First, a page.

Income Creates a Fitness Gap
The 1996 Surgeon General's report on "Physical Activity and Health" found that more than 60 percent of American adults are not sufficiently active. Worse, one out of four adults is not physically active at all.
Physical inactivity is more common among women, minority groups, older Americans and the disabled, according to the Surgeon General's report. But for both men and women in every major ethnic group--whites, blacks and Hispanics--the lower the income, the higher the prevalence of a sedentary lifestyle.
Such figures suggest that physical inactivity is yet another health risk associated with being poor in the United States.
Regular physical activity reduces the risk of dying from coronary heart disease as well as the risk of developing high blood pressure, colon cancer and diabetes, according to the Surgeon General's report. It helps control weight and reduce body fat; keeps bones, muscles and joints healthy; and can reduce symptoms of anxiety and depression while improving mood.
Yet survey after survey shows a consistent pattern: Higher-income people with more education tend to take exercise more seriously and see inactivity as more of a risk.
"There's a huge difference in participation in physical activity between income classes and between education classes," said Michael Pratt, acting chief of the physical activity and health branch of the federal Centers for Disease Control and Prevention.
Adults who did not complete high school are three times as likely as college graduates to engage in no significant physical activity during leisure, according to the CDC.
A similar pattern holds for income. Some 18 percent of people with household incomes over $50,000 are sedentary or inactive, compared with 40 percent of those with incomes under $20,000 and 43 percent of those with incomes under $10,000.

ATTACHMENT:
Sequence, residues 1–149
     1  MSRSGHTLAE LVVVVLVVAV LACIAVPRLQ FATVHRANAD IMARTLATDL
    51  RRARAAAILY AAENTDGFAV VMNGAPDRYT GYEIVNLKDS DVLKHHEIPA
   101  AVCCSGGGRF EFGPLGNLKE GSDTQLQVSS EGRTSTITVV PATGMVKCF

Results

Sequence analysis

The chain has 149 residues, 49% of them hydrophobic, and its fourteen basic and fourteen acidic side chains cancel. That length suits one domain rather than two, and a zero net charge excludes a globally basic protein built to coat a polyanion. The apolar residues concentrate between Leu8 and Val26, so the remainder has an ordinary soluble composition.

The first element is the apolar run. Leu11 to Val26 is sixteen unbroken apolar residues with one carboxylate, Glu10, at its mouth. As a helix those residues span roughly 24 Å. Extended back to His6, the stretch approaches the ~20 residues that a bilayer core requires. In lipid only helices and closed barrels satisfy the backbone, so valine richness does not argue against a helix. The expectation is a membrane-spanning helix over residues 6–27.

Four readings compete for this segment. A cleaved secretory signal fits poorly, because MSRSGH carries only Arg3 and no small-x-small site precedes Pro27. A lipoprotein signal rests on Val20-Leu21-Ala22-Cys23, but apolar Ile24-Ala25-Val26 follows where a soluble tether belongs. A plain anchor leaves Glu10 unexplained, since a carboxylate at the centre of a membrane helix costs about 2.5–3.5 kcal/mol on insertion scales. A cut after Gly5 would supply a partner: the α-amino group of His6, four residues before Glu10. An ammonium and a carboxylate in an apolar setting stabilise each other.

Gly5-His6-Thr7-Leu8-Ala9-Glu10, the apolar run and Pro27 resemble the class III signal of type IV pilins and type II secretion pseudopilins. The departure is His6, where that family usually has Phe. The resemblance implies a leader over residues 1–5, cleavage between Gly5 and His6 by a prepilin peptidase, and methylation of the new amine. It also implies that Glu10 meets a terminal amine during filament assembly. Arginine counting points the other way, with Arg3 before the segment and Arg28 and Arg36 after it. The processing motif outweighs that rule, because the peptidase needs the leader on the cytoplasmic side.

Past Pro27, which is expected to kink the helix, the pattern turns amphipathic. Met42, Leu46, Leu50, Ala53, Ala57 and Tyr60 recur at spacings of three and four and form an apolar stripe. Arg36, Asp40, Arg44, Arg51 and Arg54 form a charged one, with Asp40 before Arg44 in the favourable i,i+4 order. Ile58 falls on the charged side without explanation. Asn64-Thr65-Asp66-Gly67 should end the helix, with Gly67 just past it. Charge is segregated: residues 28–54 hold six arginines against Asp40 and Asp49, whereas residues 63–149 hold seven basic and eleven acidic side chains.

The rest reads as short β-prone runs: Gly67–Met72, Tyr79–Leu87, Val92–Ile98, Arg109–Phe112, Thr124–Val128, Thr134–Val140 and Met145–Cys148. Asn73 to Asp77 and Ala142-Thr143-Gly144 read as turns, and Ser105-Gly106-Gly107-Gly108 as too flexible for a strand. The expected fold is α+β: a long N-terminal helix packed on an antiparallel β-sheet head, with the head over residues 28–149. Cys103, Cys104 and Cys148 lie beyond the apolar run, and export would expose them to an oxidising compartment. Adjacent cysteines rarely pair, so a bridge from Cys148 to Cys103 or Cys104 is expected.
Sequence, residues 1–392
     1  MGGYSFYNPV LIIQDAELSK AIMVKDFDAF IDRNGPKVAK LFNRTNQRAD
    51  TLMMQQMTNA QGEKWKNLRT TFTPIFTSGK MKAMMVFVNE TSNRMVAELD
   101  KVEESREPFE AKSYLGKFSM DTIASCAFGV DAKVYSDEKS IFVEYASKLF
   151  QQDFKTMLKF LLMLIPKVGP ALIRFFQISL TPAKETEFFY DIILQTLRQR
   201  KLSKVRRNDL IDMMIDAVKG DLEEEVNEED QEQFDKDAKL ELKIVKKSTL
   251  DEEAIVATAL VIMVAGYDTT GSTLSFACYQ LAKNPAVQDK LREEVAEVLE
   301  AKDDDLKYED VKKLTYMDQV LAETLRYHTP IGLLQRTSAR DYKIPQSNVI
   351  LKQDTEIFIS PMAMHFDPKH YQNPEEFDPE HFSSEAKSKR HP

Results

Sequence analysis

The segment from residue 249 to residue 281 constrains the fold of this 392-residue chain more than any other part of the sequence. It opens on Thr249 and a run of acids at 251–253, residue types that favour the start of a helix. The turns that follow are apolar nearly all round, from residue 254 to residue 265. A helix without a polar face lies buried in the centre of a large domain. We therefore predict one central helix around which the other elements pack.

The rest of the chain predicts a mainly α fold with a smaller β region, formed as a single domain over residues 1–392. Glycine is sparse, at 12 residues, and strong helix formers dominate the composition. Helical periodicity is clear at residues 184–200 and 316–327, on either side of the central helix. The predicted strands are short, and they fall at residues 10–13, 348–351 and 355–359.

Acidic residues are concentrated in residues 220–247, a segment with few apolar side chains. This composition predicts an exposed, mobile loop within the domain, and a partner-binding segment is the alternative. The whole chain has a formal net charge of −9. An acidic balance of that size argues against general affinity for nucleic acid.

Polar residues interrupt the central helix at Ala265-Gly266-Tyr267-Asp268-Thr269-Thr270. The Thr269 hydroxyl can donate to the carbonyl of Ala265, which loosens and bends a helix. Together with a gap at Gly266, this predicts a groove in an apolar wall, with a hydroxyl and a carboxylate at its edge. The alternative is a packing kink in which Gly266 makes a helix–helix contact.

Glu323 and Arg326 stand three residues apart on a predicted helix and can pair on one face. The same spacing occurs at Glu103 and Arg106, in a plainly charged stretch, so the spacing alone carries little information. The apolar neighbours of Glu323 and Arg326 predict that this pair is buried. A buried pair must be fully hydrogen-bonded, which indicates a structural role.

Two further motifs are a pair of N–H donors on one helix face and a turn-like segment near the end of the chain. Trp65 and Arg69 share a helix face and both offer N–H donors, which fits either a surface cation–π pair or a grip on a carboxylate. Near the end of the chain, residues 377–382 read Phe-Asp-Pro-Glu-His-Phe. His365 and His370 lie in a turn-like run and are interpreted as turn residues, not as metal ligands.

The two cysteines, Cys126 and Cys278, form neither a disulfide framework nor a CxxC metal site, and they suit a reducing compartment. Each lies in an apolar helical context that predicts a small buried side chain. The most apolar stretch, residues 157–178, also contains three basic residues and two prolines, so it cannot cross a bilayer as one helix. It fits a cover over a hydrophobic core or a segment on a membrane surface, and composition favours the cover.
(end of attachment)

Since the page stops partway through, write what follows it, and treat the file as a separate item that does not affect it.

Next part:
Narrowing the fitness gap is "a classic public health issue" that needs to be faced on a broad social scale, through education and improved access to recreation facilities, Pratt said. "It's too big a problem to take on one person at a time."
For all the rhetoric about fitness and shaping up America, whether or not people stay active on a day-to-day level often comes down to practical matters and infrastructure: sidewalks, bus lines, bike paths, safe streets and playgrounds.
"It's not just a matter of attitude or lifestyle choice," said H. Jack Geiger, emeritus professor of community health and social medicine at City University of New York Medical School. "It's environmental factors"--access to parks and gymnasiums, physical education classes and public transportation.
"Even an activity as simple as walking depends on the availability of safe and attractive places to walk," Pratt wrote last month in the Journal of the American Medical Association.
Crowded cities often present what Steven Blair, director of epidemiology for the Cooper Institute for Aerobic Research in Dallas, calls an "environment that is toxic to physical activity."